Advisor Invest With Confidence
Advisor Invest With Confidence
What does being rich mean? How to define it
For a start, it helps to expand the definition of your true personal wealth
By: SIMON AVERY
Date: October 6, 2017
You probably know wealth when you see it around you – but do you know whether you are rich?
With real estate values soaring across the country, many Canadians feel a level of financial confidence today they’ve never known before. But have they reached a point of financial security? Do they have enough money for their future, and if not, how will they know when they do?
Statistics Canada employs numerous metrics for the other end of the spectrum, without ever using the term “poor.” For instance, the income cutoff for a single person living in a large city was $24,328 in 2014. For a family of four the amount was $45,206.
But there is no magic threshold, no national statistic, that defines you as rich. Wealth is a malleable term that might mean a well-stocked beer fridge, living mortgage-free or having enough money invested for a long retirement.
When it comes to amassing wealth, the United States sets the gold standard. But Americans themselves can’t definitively articulate what being rich means.
Twenty-seven per cent define it as having a lot of money; while 24 per cent say wealth means enjoying life’s experiences, and 22 per cent say it means being able to buy anything they want. That is the breakdown according to a representative sample of 1,000 U.S. adults surveyed in April by Koski Research for Charles Schwab Corp.
When asked to express how much is required to be considered “wealthy,” this “average” group of Americans came up with the amount of $2.4-million (U.S.), or nearly 30 times the actual median net worth of U.S. households.
Ask rich people a question like that, however, and you get a completely different answer.
Many people who have the drive to make significant sums of money don’t have the ability to dial down that ambition once they are wealthy. For them, the thrill is in the pursuit and money is the scorecard.
When the investment firm UBS AG polled 2,215 U.S. millionaires in 2015, nearly two-thirds of those with a net worth of less than $5-million and dependent children expressed concern that they are only one wrong step away from a major setback – be it a large investment failure or job loss. For individuals with $5-million or more, one-third said they felt they couldn’t withstand a setback.
Clearly, money doesn’t make it easy to sleep at night; it can be difficult to relax once you get to the top.
“With memories of the financial crisis still lingering, most millionaires don’t have enough wealth to feel secure,” concluded the UBS report, entitled When is Enough … Enough? “As a result, many feel stuck on a treadmill, without a real sense of how much wealth would make them satisfied enough to get off.”
In Canada, the average household net worth rose 4.3 per cent to $680,098 in 2015, according to Environics Analytics. Vancouver households crossed a symbolic threshold, becoming the country’s first “city of millionaires,” with an average net worth of $1,036,202, up 7.3 per cent from the prior year.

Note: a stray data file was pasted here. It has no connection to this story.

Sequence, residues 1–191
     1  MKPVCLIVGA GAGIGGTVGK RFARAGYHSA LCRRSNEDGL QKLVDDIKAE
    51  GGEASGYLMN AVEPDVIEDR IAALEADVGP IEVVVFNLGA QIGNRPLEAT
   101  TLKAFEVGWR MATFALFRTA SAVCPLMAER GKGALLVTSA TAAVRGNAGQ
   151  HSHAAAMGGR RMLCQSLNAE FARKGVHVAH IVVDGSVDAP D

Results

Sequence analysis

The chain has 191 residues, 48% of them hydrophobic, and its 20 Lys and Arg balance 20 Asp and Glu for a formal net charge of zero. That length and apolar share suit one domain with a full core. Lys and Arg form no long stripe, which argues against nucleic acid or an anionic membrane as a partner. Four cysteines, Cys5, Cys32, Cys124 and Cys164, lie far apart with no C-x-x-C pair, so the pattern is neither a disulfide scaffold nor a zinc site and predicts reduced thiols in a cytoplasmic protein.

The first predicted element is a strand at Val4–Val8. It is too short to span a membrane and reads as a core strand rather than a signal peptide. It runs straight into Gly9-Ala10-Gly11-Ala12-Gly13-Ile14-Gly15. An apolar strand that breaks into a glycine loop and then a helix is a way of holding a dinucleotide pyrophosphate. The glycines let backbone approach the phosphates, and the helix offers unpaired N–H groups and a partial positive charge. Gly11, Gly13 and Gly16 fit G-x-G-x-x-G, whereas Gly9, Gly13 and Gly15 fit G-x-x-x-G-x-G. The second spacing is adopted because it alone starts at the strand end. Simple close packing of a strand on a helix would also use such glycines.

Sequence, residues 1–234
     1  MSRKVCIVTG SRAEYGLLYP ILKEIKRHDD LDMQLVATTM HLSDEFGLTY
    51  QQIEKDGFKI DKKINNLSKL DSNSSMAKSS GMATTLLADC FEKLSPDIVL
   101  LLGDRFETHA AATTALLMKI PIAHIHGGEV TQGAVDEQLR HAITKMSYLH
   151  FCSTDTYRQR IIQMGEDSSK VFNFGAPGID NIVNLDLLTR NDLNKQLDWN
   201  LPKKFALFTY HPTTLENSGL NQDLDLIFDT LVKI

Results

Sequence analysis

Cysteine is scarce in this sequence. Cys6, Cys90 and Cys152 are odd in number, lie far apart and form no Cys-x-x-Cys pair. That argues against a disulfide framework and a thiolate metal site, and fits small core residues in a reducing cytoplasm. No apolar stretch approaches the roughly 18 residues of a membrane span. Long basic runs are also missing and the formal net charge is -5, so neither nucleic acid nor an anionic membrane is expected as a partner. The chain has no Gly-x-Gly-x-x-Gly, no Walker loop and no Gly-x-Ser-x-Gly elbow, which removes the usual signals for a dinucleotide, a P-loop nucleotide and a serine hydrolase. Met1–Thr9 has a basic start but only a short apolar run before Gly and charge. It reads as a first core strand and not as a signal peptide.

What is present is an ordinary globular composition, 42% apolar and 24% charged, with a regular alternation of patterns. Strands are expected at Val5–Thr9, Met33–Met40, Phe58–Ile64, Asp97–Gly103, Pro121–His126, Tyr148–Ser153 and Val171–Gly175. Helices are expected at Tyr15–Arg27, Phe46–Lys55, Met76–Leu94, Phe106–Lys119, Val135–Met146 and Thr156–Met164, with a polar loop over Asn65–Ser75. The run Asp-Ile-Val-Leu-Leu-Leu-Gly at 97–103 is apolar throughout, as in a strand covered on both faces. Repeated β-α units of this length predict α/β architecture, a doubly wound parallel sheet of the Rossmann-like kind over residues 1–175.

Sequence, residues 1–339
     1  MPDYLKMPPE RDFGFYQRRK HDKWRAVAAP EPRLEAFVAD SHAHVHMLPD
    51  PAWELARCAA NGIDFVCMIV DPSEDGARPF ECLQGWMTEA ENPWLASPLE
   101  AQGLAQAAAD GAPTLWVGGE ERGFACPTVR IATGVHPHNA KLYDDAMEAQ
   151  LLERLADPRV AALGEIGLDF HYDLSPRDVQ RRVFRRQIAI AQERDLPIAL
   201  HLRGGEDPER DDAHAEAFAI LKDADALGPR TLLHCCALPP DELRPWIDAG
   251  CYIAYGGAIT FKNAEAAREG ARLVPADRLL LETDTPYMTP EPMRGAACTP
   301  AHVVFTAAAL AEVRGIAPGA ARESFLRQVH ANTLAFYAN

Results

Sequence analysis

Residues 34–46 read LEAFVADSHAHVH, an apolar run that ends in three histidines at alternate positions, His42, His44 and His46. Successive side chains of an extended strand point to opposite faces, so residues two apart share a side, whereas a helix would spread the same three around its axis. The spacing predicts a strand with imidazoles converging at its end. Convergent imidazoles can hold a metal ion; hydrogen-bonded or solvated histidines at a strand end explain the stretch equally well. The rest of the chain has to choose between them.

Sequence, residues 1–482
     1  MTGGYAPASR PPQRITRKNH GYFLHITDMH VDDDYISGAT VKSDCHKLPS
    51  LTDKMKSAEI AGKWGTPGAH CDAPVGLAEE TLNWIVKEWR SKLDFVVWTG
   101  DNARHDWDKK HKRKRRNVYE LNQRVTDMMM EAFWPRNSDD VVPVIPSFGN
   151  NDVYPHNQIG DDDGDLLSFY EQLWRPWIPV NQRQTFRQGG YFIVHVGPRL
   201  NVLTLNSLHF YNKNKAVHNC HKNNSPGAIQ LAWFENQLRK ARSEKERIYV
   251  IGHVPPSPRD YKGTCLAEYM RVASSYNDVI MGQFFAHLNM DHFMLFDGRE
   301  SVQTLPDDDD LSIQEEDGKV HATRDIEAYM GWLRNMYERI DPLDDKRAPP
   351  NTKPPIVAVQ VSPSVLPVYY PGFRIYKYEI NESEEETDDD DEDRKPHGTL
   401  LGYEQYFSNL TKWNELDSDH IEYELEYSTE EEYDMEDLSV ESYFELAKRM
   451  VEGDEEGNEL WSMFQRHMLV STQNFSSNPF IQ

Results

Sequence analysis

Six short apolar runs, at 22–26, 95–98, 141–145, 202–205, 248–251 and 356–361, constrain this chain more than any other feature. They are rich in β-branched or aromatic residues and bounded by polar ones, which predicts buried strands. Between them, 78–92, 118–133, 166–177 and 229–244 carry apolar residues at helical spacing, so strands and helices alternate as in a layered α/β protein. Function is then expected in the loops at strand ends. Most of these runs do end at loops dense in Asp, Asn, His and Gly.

These gains were powered largely by rising real estate prices; Canadians’ principal residences comprise about one-third of their assets, according to Statistics Canada. What homeowners generally fail to accept, however, is that the money in their principal residence is permanently locked in. Very few Canadians end up selling their homes in retirement and enjoying the proceeds until their last cheque bounces the day they die peacefully in their beds.
Instead of looking at home valuations, a better measurement of wealth is whether your earned income – that is personal income from investments rather than employment – exceeds your expenses. Another sign of real wealth is the ability to forgo life insurance, because your estate would have enough assets to support your family at its current lifestyle.
Probably the least helpful way to assess your wealth is by comparing your spending with others, a process that will surely leave you feeling short.
Consider the millionaire family that flies to Whistler, B.C., annually for a ski vacation during the March break. By most standards, they look rich. But those parents may well be looking at a select group of their friends who are redefining the holiday experience by opting for snow and surf during the two-week break scheduled by most private schools: the first week in Whistler, the second in the Caribbean.
Instead of chasing a mirage, the best approach may be to embrace a broader definition of wealth. If you knew you only had five years to live, how much financial hardship would your family incur? How drastic a set of steps would you need to take to get your financial affairs in a state acceptable to you? What financial legacy would you be leaving and how close to your goals would it be? And most importantly, what course would you set to optimize those final years? Answers to these questions could provide the best snapshot of your true personal wealth today.
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